KS3: Potential Computer Club (possibly Wed 1.45) dependant on timetable / tutor-time slots
KS3: In year 9 a 2 week internal Dragon’s Den competition runs, to introduce students to Business. A similar project will run in the final week of the taster session with students making presentations from each group and acting out their adverts. This is to ascertain improvement in knowledge and skills to encourage them to choose Business as a GCSE option.
This took place with all 4 small sized BS taster classes; presentations were completed individually due to COVID restrictions either with posters or PowerPoint. Creativity was seen in all classes which was noted in the BS taster videos for yr 9.
KS4: Current intervention will include extra support resources to be given to students where they are experiencing difficulties or in need of further practice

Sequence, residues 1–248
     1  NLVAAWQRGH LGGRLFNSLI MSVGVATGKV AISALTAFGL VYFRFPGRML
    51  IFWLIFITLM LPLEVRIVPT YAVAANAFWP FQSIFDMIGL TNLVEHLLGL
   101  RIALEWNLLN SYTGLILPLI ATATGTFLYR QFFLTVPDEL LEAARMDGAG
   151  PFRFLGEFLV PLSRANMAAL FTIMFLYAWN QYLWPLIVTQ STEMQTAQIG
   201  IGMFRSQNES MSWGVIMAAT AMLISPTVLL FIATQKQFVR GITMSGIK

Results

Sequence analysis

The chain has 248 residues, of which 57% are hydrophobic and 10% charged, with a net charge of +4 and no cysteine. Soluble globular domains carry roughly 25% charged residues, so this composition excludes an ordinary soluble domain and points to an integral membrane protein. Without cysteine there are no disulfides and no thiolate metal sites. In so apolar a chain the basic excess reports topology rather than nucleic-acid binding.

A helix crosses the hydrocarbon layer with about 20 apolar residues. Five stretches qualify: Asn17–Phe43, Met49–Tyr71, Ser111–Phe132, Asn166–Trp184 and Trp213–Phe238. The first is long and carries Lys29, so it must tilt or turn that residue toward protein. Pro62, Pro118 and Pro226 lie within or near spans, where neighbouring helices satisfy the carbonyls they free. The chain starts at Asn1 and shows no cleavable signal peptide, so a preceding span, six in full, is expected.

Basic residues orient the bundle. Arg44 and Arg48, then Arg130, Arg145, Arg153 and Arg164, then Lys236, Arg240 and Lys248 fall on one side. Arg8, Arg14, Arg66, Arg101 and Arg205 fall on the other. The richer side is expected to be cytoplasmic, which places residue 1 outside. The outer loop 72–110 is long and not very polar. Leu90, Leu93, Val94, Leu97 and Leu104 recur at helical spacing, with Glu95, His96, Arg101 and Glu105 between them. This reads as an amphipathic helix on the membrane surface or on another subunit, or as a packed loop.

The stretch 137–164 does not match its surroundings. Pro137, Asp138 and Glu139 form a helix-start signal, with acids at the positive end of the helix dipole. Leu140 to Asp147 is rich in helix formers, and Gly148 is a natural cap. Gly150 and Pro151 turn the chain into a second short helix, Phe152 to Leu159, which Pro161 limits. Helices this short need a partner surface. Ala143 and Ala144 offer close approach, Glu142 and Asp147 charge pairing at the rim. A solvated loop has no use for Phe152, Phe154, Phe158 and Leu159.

GCSE Pod to be looked at in February to see how it can best be utilised to help support students working from home.
KS5: Students have been given extra exam papers to work on independently and receive feedback on and they will also sit with KIN to improve time management skills.
The Wednesday afternoon sessions proved successful in improving time management skills and building confidence of the students who showed continued topic knowledge. These will continue through the Spring Term. Year 12 and Year 13 split into 2 separate groups following Year 13 need for bespoke work.
A school trip to Bletchley Park was planned for last year before the lockdown stopped this from happening and will be rearranged dependant on Government regulations. This will be an opportunity where pupils can be inspired by the great work carried out by Alan Turing during WW2, and the birth of Modern Computing. Other enrichment opportunities include career talks from professionals working in the Computing industry allowing pupils to uncover what careers are available.